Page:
+64 7 839 4771

Local Authorities' decision-making requirements - Court of Appeal decision

Local Authorities' decision-making requirements - Court of Appeal decision

Local Authorities' decision-making requirements - Court of Appeal decision

Friday 15 September, 2017

In the recent decision of Wellington City Council v Minotaur Custodians Limited [2017] NZCA 302 (Brown, Simon France and Williams JJ), the Court of Appeal overturned the decision of the High Court and reinstated the Council’s original 2009 decision to adopt a new policy on resident parking permits.

The Court of Appeal’s decision has shown a welcome change in stance towards the interpretation of local authority decision-making powers, holding that Part 6 of the Local Government Act 2002 (‘LGA’) gives local authorities a broad discretion as to how to meet their statutory decision-making obligations (including whether to consult, and, if so, how), and, that the options available to challenge the exercise of those statutory discretions are limited.

Background – WCC’s change of policy

In this case, Wellington City Council (‘WCC’) undertook a city-wide review of its parking policy in 2009, and as a result of the review changed the eligibility criteria for Wellington residents' parking permits, including in the vicinity of an apartment complex owned by Minotaur Custodians Ltd (‘Minotaur’).  

The effect of the policy change was to make any new tenants of Minotaur's apartment complex ineligible for residents’ parking permits, as from 1 January 2010.

WCC’s target audience for consultation was permit holders in areas directly affected by the changes; all residents of affected streets; and all residents, businesses, schools, universities and community organisations in both permit areas and peripheral areas.  

Consultation documents were sent to residents and affected parties, placed on vehicle windscreens in coupon zones around the city, posted on WCC’s website, and made available in WCC’s libraries and service centre. Public notices were also published in Wellington’s city and local newspapers.

Minotaur was not one of the targets identified (either specifically or generically) for active consultation and was not sent a copy of the consultation documents. It did not find out about WCC’s policy change until one of its new tenants was declined an application for a resident's parking permit.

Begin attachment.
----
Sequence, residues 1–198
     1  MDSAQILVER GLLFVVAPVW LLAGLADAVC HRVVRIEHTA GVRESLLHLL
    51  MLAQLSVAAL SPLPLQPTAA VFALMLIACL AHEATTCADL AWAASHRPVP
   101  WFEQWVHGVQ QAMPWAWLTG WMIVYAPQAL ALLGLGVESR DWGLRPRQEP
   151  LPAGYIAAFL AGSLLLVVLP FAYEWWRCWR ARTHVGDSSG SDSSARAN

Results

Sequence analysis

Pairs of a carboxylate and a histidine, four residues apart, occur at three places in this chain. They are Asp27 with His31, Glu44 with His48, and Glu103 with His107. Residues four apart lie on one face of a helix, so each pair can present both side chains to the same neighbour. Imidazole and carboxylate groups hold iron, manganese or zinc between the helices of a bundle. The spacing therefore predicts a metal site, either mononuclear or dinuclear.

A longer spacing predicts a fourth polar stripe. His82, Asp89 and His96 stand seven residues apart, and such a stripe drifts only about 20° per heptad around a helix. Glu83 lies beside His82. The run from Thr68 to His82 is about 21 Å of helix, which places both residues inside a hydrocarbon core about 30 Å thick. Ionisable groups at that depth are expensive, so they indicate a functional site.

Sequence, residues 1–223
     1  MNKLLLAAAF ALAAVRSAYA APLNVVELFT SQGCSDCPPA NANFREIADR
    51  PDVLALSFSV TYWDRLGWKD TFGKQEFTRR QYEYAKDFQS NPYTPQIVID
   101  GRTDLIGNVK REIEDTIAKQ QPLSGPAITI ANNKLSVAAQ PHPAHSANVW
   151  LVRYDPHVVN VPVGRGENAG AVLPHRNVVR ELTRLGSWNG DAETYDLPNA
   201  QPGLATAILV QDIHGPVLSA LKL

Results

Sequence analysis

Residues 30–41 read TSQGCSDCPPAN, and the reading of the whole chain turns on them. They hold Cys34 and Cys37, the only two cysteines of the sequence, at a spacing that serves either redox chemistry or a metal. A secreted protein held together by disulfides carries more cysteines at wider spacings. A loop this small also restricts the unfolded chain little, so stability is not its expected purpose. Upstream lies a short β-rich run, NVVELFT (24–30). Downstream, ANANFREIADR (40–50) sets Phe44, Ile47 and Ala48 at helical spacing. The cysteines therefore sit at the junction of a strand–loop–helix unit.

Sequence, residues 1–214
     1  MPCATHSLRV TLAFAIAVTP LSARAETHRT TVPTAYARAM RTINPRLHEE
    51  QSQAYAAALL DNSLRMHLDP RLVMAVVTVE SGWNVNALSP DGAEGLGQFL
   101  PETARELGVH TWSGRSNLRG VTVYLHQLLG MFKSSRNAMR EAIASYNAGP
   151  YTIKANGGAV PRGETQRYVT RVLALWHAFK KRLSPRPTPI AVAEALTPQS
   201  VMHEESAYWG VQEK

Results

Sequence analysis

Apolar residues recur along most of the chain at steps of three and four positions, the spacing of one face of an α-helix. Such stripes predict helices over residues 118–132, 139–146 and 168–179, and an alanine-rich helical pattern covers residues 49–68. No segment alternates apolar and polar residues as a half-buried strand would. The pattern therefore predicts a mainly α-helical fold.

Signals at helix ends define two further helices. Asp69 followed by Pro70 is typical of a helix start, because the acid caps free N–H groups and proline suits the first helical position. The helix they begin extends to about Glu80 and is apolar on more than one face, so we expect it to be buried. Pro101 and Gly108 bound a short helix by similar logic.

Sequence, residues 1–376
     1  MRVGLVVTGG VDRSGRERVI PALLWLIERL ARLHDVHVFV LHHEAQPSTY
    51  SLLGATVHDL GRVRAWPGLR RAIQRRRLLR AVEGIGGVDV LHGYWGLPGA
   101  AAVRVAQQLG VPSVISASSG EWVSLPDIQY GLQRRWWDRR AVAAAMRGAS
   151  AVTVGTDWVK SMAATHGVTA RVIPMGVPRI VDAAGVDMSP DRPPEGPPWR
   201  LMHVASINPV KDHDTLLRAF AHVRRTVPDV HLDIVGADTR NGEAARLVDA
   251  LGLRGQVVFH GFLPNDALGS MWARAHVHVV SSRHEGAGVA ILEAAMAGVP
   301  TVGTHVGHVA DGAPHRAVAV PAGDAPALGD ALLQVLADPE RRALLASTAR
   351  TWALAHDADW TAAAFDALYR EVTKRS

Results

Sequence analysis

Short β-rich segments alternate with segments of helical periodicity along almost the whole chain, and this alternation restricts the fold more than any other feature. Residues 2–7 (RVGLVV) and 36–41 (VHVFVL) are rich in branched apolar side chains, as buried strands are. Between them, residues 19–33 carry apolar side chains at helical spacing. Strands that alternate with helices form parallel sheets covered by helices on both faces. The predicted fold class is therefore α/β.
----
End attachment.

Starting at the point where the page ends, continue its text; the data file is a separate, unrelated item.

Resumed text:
Minotaur complained to WCC that it had been severely disadvantaged by being denied an opportunity to engage in consultation with WCC and requested reinstatement of the old policy.

WCC did not reinstate the old policy but extended the time for implementation of the changes in relation to a number of properties (including Minotaur’s apartment complex) by two years, to allow residents and owners to –

  • address any changes required to accommodate the new eligibility criteria; or
  • seek case-by-case exceptions to the new policy requirements.

Minotaur did not present a case to Council for an exception, instead (at the end of the extended period), it requested information relating to WCC’s change in policy and the process involved, and in March 2015, commenced judicial review proceedings in the High Court.

High Court

In the High Court, Mallon J acknowledged that WCC appropriately decided under Part 6 of LGA that it should carry out consultation, and, target those who might be directly affected by the changes.

WCC offered no explanation as to why it did not send consultation documents to non-resident landlords (rather than just occupiers and resident landlords) of properties. In the absence of any logical rationale given by it for targeting residents and businesses in the affected areas but not non-resident landlords, Mallon J found she was entitled to infer that the failure to send consultation documents to non-resident landlords was an oversight. This meant that, since the Council had decided to consult widely amongst affected groups, it was irrational not to consult with non-resident landlords who were also directly affected.

Mallon J, therefore –

  • found that WCC had failed in its statutory duty to give consideration to those persons likely to be affected, and, to encourage those who may be affected by a decision to present their views; and
  • directed WCC to consider afresh whether it was appropriate to grant an exception from the policy criteria and, for that purpose, to consult with Minotaur (as  if the policy had not been implemented).

WCC appealed the High Court decision to the Court of Appeal.

Court of Appeal

The Court of Appeal focussed on the question of whether or not, in deciding who to consult out of the spectrum of those who ‘will or may be affected by, or have an interest in,’ the policy change, WCC did so ‘rationally and in pursuit of the purposes of the LGA generally and those in pt 6 specifically.’ In the Court’s view, the answer turned on whether or not there was a reasonable rationale for the different treatment accorded to Minotaur.

Consultation duties under Part 6 of the LGA

In respect of local authorities’ decision-making powers and responsibilities under Part 6 (sections 76—79 and 82) of the LGA, the Court held -

  • Part 6 ‘carefully and repeatedly rejects the idea that there is to be found in its provisions any duty to consult with affected or interested parties. Instead, local authorities are given a deliberately broad discretion as to whether to consult, and, if so, how.’